The Israel Defense Forces moved tanks and artillery units towards Gaza, positioning them in advance of any order from the cabinet to invade the densely populated enclave, with nearly two million people crammed into an area of less than 200 square miles. The IDF also called up an undisclosed number of reservists for duty.
The military mobilization was the largest on the border of Gaza since Israel's last major attack on the Palestinian territory, eight days of bloody bomb and missile strikes in November 2012.
An Israeli military spokesman claimed the sites targeted by bombs and missiles were linked to Hamas, the Islamic party that has ruled Gaza since it won elections in 2006. The Israeli government has declared Hamas responsible for the kidnapping and murder of three Israeli teenagers in the West Bank, although that territory is controlled by the secular Palestinian party Fatah, with Israeli support.
The killing of the three teenagers, whose bodies were found on June 30 outside Hebron, is being used as a pretext by Prime Minister Benjamin Netanyahu to escalate tensions with Hamas and threaten an invasion or re-occupation of the Gaza Strip. Israeli military forces and settlers were withdrawn from Gaza in 2005.
Thursday's bombing was the latest in a series of tit-for-tat exchanges, with Israeli jets dropping bombs or firing missiles at targets in Gaza, while Palestinian militants launch primitive unguided rockets from Gaza at nearby Israeli towns, particularly the border town of Sderot.
The Israeli attacks, using high-tech weaponry, much of it supplied by the United States, are far more destructive and lethal. On Tuesday, Israeli air strikes hit 34 targets in Gaza, after attacks over the weekend.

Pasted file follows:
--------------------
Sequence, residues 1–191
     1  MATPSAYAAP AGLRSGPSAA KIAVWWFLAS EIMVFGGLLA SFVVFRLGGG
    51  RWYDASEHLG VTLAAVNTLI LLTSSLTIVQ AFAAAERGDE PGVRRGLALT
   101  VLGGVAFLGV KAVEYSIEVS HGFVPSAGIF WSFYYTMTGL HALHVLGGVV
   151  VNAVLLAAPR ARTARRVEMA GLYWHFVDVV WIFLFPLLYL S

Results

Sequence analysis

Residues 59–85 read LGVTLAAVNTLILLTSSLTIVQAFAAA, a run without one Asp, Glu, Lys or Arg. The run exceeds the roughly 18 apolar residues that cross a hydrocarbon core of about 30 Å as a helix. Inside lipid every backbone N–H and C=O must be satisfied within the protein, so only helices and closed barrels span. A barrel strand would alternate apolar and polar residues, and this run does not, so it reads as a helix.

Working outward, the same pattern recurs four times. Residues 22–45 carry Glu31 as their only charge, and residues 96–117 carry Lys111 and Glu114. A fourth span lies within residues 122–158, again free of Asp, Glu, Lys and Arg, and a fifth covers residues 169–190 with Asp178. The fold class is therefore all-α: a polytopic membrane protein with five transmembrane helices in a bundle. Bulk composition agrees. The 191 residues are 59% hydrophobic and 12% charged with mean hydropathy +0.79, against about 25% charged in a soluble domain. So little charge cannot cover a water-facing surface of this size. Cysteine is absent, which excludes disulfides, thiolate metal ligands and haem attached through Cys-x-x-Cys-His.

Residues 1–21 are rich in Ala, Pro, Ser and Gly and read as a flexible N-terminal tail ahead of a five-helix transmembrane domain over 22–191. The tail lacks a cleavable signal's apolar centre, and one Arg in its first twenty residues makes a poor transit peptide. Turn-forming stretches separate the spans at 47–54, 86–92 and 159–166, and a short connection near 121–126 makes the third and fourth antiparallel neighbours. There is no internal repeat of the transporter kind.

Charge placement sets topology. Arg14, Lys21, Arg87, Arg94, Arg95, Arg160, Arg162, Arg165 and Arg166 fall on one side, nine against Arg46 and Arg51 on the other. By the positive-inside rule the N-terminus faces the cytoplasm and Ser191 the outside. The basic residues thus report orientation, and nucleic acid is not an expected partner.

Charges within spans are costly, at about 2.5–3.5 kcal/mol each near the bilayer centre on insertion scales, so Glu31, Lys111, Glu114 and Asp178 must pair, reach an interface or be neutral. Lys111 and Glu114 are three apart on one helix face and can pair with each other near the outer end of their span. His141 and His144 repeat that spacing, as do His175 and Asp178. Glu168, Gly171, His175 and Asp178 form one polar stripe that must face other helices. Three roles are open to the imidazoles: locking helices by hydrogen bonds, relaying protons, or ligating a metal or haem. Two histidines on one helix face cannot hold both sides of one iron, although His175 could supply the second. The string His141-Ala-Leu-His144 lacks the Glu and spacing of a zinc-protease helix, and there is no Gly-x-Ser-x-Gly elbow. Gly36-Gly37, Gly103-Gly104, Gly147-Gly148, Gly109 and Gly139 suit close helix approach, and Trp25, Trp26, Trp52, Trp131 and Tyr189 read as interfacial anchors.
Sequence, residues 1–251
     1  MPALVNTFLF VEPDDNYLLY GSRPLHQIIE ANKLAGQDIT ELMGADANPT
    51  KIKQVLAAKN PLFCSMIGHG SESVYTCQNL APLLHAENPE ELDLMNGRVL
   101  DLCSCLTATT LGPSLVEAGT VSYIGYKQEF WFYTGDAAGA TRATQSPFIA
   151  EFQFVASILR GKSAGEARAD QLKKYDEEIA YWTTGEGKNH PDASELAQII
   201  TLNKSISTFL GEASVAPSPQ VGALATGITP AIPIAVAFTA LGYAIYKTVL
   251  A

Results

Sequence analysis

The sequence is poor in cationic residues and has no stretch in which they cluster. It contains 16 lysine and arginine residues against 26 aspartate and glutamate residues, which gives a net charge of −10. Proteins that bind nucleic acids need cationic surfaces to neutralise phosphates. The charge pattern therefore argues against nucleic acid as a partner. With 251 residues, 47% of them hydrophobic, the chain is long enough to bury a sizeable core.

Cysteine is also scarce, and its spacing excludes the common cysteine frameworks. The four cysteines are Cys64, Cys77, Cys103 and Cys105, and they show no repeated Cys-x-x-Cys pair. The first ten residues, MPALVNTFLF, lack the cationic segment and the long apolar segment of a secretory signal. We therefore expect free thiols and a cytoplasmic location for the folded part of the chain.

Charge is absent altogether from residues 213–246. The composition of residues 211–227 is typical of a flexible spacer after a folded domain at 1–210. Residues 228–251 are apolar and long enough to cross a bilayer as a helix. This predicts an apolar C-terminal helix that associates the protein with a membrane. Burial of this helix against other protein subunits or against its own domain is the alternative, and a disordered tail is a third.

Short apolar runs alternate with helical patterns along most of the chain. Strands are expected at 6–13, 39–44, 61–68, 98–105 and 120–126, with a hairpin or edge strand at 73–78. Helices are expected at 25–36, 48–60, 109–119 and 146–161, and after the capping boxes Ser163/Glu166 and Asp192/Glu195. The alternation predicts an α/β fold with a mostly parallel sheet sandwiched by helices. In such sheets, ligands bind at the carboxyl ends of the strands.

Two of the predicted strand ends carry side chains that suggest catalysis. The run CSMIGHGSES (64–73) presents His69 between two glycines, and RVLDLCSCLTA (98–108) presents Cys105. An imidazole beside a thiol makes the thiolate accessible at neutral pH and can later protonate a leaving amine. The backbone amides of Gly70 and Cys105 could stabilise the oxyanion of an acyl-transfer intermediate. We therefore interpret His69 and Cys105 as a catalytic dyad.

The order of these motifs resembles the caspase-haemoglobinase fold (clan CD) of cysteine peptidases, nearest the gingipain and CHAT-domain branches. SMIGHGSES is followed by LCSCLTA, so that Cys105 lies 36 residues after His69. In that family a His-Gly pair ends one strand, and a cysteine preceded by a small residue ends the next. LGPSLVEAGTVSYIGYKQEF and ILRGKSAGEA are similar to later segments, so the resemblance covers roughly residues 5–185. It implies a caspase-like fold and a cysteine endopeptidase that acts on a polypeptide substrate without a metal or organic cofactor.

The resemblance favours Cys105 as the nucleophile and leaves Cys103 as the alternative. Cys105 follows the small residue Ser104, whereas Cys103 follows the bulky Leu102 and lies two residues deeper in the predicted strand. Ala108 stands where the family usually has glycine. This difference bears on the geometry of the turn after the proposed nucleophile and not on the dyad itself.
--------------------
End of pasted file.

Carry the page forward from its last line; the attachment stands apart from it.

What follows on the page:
Bombs and missiles in Gaza have been combined with brutal military-police operations on the West Bank, where 500 Palestinians were arrested, dozens injured, and six killed in the four weeks since the kidnappings on the West Bank.
Tensions on the West Bank exploded Wednesday after the killing of a Palestinian youth, 16-year-old Muhammad Hussein Abu Khudair, who was abducted from the street outside his home in East Jerusalem, apparently by ultra-right Jewish settlers vowing "revenge" for the killing of the three Israeli youth. Khudair's body was found miles away, badly burned and bearing marks of violence.
Thousands of Palestinians took to the streets Wednesday in East Jerusalem in response to the news of Khudair's murder, throwing rocks, bottles and firecrackers at police and setting up barricades. The neighborhoods of Shuafat and Beit Hanina, where the violence was concentrated, were relatively quiet on Thursday, as the residents prepared for the funeral service, and Israeli troops sealed off access to that part of the city.
Late Thursday, the Khudair family said the funeral was postponed until Friday because of the delay in conducting an autopsy in Tel Aviv, where a Palestinian doctor was to observe the procedure.
Elsewhere in Jerusalem, protesters threw rocks and built barricades of burning tires. Israeli police fired stun grenades but otherwise did not directly engage the protesters.
Israeli police officials claimed that despite an intensive investigation, "the motive for the murder cannot be determined at present." Eyewitnesses described the attackers as Jewish, however, and Palestinian officials have charged that the attackers were Israeli extremists.
While witnesses supplied police with the license plate number of the vehicle used by the kidnappers, the police have not publicly identified the killers.
The murdered youth's family criticized police inaction. Hussein Abu Khudair, Muhammad's father, declared: "If things were different, and an Arab kidnapped an Israeli, it would have been uncovered in moments."